Campus Kitchen Brings Food to Auburn
Featured article in the Auburn Plainsman written by Kailey Miller on 1/31/13
Hunger is a growing problem in Auburn and its surrounding communities, but Auburn students have taken the issue into their own hands and are fighting against it with Campus Kitchens.
Campus Kitchens was started by a hunger studies class. The team gets leftover food from places on campus including Foy, the Student Center, Terrell and the Village dining hall to distribute to places throughout the community.
“We serve dinner-like meals, but we serve them at different times of the day and they aren’t hot for sanitary reasons and different guidelines we have,” said Emily Scammell, co-founder and president of Campus Kitchens.
Campus Kitchens is a student led program that is run purely by volunteers. The team serves anywhere from 150 to 250 meals per week.
The food is distributed based on the number of people in a family, but when they have extra food they allow people to take as much as they want.
“This one woman came in to the food pantry at Auburn and she took home four boxes and you could tell that she was so happy,” said Nicole Nabozniak, a Campus Kitchens volunteer. “She was expecting to get maybe one box of food when she came in but she left with four.”
The team delivers to the Auburn United Methodist Church food pantry, East House, His Place and retirement homes.
On Tuesdays and Thursdays the team gathers the food from the dining halls and on Thursdays they cook the food and assemble it into the take out boxes. Friday is when the food is distributed.
“There are a lot of families in Lee County who really need food assistance who might be single mothers or people who are working a low paying job and really need that extra help,” Scammell said.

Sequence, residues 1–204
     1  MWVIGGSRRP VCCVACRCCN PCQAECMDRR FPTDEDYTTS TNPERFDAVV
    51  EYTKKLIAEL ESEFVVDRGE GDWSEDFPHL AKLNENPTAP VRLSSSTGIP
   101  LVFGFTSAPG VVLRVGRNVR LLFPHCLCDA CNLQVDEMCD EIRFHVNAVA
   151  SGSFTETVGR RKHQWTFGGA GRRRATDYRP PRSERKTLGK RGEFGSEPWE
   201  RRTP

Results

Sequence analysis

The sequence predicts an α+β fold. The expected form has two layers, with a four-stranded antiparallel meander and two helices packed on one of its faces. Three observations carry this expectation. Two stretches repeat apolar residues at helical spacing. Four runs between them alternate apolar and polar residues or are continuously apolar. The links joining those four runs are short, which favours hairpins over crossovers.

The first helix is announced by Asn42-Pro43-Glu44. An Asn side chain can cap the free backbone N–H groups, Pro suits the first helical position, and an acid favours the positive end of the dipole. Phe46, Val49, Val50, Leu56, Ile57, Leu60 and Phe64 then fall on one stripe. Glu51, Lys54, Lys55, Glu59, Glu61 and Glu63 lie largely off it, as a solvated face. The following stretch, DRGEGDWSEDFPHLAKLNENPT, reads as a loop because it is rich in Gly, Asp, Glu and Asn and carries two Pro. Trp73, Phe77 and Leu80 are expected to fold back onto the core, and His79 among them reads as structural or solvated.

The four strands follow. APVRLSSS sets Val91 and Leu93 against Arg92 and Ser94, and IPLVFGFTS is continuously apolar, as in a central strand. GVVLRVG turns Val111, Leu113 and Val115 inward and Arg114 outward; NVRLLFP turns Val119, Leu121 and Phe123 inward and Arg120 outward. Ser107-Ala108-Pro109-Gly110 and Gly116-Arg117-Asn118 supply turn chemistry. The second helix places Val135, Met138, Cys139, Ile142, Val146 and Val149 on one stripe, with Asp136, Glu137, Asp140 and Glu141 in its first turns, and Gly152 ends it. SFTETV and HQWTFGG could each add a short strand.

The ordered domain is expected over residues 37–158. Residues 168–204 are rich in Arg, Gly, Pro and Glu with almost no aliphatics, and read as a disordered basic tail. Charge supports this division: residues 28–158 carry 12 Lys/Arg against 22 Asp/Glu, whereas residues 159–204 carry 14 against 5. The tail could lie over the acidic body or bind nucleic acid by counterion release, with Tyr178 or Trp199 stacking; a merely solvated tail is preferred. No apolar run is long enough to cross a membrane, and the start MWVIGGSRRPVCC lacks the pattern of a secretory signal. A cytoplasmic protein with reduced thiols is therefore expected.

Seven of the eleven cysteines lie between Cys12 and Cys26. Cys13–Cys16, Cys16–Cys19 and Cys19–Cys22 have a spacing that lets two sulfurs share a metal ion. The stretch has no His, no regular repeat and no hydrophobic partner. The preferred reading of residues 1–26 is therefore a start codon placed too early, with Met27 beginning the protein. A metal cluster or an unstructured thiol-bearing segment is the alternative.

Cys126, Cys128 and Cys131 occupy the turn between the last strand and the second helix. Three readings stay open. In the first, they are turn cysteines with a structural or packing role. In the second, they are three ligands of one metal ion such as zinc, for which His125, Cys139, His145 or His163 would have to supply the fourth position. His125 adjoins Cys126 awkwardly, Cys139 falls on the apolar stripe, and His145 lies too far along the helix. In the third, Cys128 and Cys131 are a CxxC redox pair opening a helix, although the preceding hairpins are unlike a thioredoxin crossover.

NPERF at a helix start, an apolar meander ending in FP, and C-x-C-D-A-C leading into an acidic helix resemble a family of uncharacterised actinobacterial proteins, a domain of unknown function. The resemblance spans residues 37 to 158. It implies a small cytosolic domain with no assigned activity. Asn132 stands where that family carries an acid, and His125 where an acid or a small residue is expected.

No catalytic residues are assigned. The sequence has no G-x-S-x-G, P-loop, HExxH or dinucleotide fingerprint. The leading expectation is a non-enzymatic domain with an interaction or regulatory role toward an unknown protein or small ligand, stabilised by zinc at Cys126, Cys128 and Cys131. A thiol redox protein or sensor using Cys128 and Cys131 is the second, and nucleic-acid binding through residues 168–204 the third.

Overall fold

As Campus Kitchens is growing the need for volunteers and extra hands is too. The staff has about 40 volunteers, but they are hoping to gain more.
Campus Kitchens is sponsored by the Office of Public Service.
“Campus Kitchens has been around for the last couple of years and it was kind of the brain child of the hunger studies minor about four years ago,” said Jennifer Commander, program assistant of Campus Kitchens. “I anticipate it growing and continuing to grow over the next few years.”
Recently, Campus Kitchens has received positive publicity that the team hopes will influence more students to volunteer.
“We are just now getting a lot of attention its awesome and sometimes I don’t feel like we even deserve it,” Scammell said. “It has been pretty hard especially in the beginning getting things running and keeping a steady supply of volunteers and leadership members.”
To Nabozniak said the most rewarding aspect of volunteering with Campus Kitchens has been seeing the people that they serve have a positive outlook on life.
“I saw people laughing and giggling and they didn’t seem to have a worry in the world even though they were there to get food because they can’t afford it any other way,” Nabozniak said.
Many of the people who are served are older and have trouble going out to get their groceries or are retired and don’t have a steady income.
“The meal provided by Campus Kitchens may be the only thing that they eat for the entire week or weekend,” Nabozniak said. “I saw one of the people who seems to be well known at the United Methodist Church and he looked like he was going to a janitorial job afterwards. He joked around with us a lot like he had known us for years, but then right when he got his food he almost started crying because he was so happy.”
Last Updated: November 11, 2013